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Impact of instrumental delivery in theatre on short-term neonatal outcomes: is it time for new standards?
  1. CL Tower1,
  2. N Caine2,
  3. S Vause2
  1. 1University of Manchester, Manchester, UK
  2. 2St Mary's Hospital, Manchester, UK


Background Decision to delivery intervals (DDI) are widely used in obstetric practice to audit emergency Caesarean sections. However, there is limited data available regarding DDI for instrumental deliveries, and there are no recommendations. The authors investigated DDI and short term neonatal outcomes in a large tertiary referral centre in the UK.

Methods The authors investigated instrumental deliveries for 1 year in a tertiary referral centre (October 2008–September 2009). Data were prospectively collected using an audit proforma that also served as medical documentation.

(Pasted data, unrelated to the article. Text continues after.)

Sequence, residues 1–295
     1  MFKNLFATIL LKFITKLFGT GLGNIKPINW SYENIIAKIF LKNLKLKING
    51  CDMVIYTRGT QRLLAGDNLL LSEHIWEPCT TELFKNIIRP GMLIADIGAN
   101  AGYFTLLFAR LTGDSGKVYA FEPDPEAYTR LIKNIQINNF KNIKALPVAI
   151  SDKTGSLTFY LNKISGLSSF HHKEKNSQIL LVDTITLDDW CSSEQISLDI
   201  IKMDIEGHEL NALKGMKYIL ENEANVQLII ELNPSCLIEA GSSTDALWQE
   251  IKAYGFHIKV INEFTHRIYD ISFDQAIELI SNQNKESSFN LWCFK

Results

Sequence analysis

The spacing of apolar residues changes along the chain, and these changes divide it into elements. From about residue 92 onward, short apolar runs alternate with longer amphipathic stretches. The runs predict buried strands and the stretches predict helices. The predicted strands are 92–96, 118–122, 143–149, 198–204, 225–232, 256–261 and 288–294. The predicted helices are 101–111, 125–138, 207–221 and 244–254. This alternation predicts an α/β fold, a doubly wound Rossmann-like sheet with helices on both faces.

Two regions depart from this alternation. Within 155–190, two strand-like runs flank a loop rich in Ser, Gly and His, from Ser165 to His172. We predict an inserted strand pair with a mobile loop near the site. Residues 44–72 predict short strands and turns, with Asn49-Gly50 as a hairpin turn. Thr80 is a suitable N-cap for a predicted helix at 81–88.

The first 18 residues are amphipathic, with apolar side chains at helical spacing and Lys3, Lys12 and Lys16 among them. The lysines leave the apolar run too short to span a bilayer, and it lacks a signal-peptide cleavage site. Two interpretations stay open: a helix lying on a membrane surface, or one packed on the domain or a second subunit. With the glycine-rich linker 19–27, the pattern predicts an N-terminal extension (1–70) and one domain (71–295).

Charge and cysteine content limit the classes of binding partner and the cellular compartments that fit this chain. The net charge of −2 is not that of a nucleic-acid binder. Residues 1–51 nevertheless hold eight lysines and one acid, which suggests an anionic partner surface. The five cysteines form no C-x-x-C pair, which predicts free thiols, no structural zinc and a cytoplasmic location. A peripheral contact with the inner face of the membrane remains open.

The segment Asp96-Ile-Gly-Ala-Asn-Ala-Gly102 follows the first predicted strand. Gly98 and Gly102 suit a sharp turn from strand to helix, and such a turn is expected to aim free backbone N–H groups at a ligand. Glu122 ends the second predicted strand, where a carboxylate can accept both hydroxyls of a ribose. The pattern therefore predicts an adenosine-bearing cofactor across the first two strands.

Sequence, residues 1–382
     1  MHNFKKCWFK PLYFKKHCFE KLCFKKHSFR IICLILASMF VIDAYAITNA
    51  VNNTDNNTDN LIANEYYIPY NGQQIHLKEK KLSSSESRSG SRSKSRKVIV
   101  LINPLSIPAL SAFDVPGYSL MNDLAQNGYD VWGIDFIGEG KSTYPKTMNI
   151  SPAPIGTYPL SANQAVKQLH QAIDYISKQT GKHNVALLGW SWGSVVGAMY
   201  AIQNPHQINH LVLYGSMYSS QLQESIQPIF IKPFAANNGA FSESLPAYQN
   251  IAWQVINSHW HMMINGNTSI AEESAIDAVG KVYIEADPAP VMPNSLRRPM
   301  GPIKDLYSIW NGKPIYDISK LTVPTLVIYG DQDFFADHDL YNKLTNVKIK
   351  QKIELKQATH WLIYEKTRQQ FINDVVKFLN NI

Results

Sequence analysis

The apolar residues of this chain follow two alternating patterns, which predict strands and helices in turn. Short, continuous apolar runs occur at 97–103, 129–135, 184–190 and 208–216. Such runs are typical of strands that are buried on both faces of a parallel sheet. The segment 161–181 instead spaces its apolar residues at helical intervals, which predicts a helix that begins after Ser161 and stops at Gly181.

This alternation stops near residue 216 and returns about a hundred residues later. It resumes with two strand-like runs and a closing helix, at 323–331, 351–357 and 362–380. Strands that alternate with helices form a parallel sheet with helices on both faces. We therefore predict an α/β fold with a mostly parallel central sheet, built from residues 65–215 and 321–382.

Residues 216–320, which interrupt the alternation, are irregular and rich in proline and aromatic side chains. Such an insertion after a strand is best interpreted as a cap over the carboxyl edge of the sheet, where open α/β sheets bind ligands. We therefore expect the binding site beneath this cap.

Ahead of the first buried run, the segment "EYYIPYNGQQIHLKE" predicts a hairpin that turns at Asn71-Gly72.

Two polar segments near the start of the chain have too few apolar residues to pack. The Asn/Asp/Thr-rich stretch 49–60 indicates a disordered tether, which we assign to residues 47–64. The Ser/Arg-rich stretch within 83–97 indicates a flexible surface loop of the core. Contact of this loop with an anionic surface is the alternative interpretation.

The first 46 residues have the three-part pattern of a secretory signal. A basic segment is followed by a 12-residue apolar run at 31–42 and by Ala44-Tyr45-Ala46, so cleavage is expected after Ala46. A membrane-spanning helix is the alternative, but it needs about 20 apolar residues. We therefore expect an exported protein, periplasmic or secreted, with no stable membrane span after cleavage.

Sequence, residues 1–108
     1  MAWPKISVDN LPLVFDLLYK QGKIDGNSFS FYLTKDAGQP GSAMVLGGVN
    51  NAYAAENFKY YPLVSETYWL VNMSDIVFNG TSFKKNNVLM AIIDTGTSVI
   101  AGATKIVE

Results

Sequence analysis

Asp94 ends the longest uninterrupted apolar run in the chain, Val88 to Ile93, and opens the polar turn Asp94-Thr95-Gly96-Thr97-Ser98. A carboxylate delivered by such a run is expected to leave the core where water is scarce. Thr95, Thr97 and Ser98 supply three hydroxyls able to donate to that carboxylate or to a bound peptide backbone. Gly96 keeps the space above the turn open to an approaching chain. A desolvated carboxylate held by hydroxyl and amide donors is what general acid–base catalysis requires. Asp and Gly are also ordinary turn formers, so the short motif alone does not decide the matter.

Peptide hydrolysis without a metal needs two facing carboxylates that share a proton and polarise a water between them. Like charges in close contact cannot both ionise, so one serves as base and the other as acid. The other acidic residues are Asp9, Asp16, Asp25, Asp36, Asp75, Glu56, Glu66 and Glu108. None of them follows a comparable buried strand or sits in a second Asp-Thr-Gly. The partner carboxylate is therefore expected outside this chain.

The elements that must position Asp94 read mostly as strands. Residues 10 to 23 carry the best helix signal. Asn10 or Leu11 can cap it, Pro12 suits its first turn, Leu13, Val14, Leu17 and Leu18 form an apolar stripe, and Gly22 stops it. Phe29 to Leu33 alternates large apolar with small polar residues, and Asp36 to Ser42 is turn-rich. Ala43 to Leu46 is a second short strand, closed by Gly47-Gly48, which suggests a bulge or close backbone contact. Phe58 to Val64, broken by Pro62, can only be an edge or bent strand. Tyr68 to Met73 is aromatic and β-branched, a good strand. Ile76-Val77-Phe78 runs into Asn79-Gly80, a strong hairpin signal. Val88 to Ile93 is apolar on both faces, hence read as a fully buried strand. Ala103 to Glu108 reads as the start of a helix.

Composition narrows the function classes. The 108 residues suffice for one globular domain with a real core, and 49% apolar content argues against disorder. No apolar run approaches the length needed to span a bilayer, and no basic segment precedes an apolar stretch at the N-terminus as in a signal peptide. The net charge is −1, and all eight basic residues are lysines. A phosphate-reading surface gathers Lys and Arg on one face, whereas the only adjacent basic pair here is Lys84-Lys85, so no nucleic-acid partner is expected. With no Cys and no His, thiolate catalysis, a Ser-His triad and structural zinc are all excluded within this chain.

Results The total number of instrumental deliveries was 552 and 221 (40%) were conducted in theatre. Vaginal delivery was achieved in 209/221 (94.5%) of theatre cases. DDI was available for 258 deliveries in the room and 187 deliveries in theatre. The median DDI for deliveries in the room was 13 min (interquartile range, IQR 9–17 min) and for deliveries in theatre was 36 min (IQR 28–52 min), p<0.001, Mann–Whitney U test. This increased DDI was associated with a lower arterial pH of 7.18 (IQR 7.13–7.24) vs 7.21 (IQR 7.16–7.27), p =0.001, Mann–Whitney U test. There was a small, non-significant increase in the number of babies admitted for neonatal care directly from the delivery unit of 13/221 (5.9%) vs 12/331 (3.6%).

Conclusion Babies undergoing instrumental deliveries in theatre take approximately three times longer to deliver than those delivered in the room, and this is associated with an increase in fetal acidosis. The time has come to recommend DDI for instrumental deliveries to provide an auditable standard, with the aim of improving fetal outcomes.

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